A closer look at Halloween traditions

November 5, 2017 GMT

Editor’s note: This article was written by a Stamford High School student and published in the school’s newspaper, The Round Table. The Stamford Advocate is republishing the article as part of a collaboration with Stamford Public Schools.

In recent years, Halloween has become one of the most celebrated holidays in America. Kids dress up as ghosts, celebrities and cartoon characters to go out and collect candy.

The holiday has also sprouted tons of iconic movies. But how did this holiday start? Why Oct. 31 every year? And why do kids dress up to get free candy? There are tons of questions people have about this holiday. Here’s a crash course.


This holiday started sometime in the 1800s in Europe. During that time, Halloween was known as Hallow’s Eve. It is placed on Oct. 31 because the day after — Nov. 1 — is All Saints Day. Supposedly, Halloween has actually been around for about 2,000 years and was a part of a Celtic festival. The people who celebrated this thought that on this night, the living and the dead were in one dimension together. The spirits who once roamed this Earth would always return on Oct. 31.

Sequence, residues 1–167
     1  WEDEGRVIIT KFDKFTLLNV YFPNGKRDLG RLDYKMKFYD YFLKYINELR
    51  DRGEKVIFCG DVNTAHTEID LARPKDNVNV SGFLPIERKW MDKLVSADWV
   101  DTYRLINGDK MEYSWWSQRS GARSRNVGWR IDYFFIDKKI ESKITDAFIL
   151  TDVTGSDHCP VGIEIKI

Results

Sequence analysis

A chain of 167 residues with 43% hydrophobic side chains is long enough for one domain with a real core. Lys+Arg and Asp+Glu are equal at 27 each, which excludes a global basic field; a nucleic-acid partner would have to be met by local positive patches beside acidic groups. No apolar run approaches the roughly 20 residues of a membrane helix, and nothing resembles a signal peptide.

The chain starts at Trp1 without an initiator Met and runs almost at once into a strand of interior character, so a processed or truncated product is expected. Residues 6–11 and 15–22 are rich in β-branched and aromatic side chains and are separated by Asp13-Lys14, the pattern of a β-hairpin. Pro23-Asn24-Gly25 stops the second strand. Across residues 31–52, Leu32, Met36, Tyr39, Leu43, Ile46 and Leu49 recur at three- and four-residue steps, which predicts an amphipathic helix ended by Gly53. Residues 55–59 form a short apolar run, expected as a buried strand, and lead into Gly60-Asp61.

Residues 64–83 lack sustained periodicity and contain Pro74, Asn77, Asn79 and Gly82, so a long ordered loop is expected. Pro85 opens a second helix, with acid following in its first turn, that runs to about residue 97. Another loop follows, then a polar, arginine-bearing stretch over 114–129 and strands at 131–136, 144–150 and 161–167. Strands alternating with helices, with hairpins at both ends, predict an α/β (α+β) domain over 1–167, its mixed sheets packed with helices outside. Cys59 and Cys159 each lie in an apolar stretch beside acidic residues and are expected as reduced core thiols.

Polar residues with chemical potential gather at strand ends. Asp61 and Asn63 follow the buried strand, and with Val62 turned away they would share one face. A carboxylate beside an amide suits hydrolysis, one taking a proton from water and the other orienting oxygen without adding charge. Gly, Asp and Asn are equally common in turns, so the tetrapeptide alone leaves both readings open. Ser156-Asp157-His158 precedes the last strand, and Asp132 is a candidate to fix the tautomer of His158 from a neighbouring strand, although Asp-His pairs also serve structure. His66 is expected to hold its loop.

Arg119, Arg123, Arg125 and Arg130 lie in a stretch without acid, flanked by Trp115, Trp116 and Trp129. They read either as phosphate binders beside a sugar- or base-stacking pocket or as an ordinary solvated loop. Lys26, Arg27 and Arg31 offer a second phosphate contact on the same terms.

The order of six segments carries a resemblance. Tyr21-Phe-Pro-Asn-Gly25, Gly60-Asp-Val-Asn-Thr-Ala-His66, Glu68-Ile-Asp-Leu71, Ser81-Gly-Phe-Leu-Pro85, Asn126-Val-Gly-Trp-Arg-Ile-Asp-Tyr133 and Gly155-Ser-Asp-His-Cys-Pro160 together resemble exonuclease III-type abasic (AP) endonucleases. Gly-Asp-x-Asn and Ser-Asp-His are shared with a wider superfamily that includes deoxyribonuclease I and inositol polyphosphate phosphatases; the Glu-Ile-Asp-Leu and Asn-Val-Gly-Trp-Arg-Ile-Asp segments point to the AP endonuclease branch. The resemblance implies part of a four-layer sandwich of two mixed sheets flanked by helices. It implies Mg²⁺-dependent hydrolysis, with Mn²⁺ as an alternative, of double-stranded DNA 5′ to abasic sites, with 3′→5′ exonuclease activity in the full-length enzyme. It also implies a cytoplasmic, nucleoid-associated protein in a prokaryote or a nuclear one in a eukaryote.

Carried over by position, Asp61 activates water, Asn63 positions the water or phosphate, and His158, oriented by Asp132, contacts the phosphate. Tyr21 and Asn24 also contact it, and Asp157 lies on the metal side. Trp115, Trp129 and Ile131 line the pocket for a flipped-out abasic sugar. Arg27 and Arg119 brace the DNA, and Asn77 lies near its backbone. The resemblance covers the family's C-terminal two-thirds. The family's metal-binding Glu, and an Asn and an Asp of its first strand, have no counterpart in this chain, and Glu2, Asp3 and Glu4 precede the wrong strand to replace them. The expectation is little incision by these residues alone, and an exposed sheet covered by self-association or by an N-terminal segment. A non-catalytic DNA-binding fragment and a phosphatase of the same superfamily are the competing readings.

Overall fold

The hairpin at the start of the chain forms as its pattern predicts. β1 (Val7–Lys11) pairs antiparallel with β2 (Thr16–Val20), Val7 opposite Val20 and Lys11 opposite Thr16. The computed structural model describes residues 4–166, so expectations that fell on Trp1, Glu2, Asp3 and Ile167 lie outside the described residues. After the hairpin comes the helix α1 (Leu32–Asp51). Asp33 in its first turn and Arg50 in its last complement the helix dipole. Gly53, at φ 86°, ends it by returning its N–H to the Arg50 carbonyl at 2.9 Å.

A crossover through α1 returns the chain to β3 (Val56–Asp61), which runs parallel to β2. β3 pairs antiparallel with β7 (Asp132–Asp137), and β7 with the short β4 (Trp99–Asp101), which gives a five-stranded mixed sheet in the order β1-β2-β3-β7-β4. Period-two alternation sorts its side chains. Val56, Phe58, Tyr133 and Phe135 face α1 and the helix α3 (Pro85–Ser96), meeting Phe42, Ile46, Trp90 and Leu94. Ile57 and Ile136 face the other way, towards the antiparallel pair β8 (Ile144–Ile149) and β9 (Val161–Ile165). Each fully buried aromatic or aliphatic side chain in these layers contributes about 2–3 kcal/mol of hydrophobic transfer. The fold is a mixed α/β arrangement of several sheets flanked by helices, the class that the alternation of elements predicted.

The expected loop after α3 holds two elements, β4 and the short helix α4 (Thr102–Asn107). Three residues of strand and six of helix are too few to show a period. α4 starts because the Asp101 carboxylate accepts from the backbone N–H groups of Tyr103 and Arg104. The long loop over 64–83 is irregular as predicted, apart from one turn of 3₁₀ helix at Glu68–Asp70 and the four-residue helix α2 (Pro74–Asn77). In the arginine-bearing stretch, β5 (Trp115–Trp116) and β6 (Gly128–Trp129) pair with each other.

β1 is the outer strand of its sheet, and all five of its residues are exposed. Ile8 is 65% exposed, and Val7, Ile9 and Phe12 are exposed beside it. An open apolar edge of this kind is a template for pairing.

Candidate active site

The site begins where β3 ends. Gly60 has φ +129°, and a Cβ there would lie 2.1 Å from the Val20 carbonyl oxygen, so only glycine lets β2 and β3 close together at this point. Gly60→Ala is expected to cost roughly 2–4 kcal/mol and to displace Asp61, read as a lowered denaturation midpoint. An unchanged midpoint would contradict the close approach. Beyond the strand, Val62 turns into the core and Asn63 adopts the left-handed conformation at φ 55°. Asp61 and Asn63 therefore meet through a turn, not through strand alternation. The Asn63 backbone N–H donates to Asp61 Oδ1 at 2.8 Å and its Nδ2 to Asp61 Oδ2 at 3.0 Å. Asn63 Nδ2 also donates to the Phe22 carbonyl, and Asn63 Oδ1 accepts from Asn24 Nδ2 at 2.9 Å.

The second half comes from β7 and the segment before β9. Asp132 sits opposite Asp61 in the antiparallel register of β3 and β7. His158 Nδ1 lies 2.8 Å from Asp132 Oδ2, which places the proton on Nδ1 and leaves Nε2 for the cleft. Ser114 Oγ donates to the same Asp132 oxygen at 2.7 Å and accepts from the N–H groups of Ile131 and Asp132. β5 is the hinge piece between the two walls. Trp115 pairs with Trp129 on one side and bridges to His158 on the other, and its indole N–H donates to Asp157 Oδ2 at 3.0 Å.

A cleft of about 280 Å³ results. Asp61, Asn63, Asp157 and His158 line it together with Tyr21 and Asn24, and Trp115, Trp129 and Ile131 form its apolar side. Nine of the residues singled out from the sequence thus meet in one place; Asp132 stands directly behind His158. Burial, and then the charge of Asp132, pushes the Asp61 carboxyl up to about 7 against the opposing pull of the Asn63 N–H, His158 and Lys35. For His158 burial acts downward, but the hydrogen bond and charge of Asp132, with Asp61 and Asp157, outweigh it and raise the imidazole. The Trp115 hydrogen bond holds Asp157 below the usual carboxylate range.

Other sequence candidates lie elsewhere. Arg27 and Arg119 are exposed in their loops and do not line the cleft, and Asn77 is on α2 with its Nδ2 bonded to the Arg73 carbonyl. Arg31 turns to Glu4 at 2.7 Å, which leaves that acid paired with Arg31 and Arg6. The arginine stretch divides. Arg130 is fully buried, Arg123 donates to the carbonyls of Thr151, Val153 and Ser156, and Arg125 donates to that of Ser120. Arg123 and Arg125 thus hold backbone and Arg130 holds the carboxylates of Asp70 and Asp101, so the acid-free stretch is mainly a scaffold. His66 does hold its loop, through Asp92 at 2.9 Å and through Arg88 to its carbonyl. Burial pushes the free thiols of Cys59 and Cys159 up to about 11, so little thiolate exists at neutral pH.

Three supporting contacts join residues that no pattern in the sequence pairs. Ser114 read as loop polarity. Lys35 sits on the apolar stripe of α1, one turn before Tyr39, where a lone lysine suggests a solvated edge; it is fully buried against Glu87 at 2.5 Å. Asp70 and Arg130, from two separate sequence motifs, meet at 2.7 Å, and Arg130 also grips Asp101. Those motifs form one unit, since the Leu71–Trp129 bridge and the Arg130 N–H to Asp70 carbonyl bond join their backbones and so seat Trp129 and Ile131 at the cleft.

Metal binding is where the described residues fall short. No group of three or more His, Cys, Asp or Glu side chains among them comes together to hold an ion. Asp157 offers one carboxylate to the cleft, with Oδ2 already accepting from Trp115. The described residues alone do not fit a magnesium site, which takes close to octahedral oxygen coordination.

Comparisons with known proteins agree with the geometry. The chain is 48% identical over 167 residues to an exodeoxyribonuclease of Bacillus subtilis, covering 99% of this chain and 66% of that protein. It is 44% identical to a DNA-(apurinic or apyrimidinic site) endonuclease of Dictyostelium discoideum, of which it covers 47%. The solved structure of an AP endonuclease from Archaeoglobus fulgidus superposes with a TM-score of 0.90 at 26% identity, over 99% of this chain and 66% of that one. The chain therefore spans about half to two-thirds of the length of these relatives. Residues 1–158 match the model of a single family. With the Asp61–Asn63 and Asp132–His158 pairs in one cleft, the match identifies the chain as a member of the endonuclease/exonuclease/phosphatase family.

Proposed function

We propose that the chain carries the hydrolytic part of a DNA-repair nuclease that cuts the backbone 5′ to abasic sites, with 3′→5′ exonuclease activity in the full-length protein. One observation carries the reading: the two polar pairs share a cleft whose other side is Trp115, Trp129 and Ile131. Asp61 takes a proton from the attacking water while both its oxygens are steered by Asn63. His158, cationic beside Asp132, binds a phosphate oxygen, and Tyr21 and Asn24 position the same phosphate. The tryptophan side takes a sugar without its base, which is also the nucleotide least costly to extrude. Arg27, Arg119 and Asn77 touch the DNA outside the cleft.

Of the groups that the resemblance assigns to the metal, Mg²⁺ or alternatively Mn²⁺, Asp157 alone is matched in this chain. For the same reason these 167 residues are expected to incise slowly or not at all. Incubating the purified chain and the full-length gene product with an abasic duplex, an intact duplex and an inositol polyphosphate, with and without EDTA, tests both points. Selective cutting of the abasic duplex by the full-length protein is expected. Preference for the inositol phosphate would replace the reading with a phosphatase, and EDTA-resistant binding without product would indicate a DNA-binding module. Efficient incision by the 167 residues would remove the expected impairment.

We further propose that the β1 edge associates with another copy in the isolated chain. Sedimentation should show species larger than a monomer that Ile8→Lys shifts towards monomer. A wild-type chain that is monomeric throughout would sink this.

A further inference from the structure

The idea of kids dressing up on Halloween sprouts from the same Celtic holiday. During the festival, they would dress up in animal skin. Celts would also dress up to disguise themselves as spirits and the dead, so when they came back during the festival, they would not think they were humans. It’s kind of ironic how people now dress up as zombies, vampires, and many different types of horrifying creatures, because the Bible specifically says that humans should not celebrate these types of creatures. Over the years, Halloween went from a religious holiday to one that is all about partying, and is almost completely different from the original intent.

The history of trick or treating is also interesting. It sprouts from children who used to go out on Thanksgiving and beg for food. Trick or treating as we know it did not actually start until the late 1940s. And finally, the reason people carve pumpkins during the Halloween season is because the Celts did so to honor the souls who had yet to enter heaven.

Thomas Murray is a Stamford High School student and writer for the school’s newspaper, The Round Table.